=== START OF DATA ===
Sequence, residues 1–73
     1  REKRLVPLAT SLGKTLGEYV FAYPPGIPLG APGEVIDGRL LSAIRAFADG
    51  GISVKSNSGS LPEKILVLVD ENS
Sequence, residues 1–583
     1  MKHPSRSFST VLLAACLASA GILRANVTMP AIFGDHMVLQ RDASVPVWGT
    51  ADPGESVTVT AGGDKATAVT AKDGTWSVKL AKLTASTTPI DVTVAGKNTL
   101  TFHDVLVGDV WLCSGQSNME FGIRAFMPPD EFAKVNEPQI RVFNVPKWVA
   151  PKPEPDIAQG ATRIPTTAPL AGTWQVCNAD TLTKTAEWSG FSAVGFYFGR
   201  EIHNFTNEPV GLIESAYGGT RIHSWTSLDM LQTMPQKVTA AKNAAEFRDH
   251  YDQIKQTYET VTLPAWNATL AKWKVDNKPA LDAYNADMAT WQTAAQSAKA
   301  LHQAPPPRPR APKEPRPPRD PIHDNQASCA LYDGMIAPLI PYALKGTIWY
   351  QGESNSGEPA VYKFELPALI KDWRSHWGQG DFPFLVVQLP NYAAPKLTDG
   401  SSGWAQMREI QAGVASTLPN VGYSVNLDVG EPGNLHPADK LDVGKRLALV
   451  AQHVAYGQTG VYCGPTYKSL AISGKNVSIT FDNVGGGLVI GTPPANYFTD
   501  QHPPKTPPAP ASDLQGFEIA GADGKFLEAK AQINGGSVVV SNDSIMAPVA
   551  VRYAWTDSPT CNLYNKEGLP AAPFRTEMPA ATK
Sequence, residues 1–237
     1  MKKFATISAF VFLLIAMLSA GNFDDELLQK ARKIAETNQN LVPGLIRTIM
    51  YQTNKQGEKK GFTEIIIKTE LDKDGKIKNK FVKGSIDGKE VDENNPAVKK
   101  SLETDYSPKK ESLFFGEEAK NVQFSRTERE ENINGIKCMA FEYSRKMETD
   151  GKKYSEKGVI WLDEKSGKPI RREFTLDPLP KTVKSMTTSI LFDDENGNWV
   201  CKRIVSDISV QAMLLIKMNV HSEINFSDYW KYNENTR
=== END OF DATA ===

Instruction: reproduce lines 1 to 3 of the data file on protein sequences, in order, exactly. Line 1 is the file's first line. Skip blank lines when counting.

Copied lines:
Sequence, residues 1–73
     1  REKRLVPLAT SLGKTLGEYV FAYPPGIPLG APGEVIDGRL LSAIRAFADG
    51  GISVKSNSGS LPEKILVLVD ENS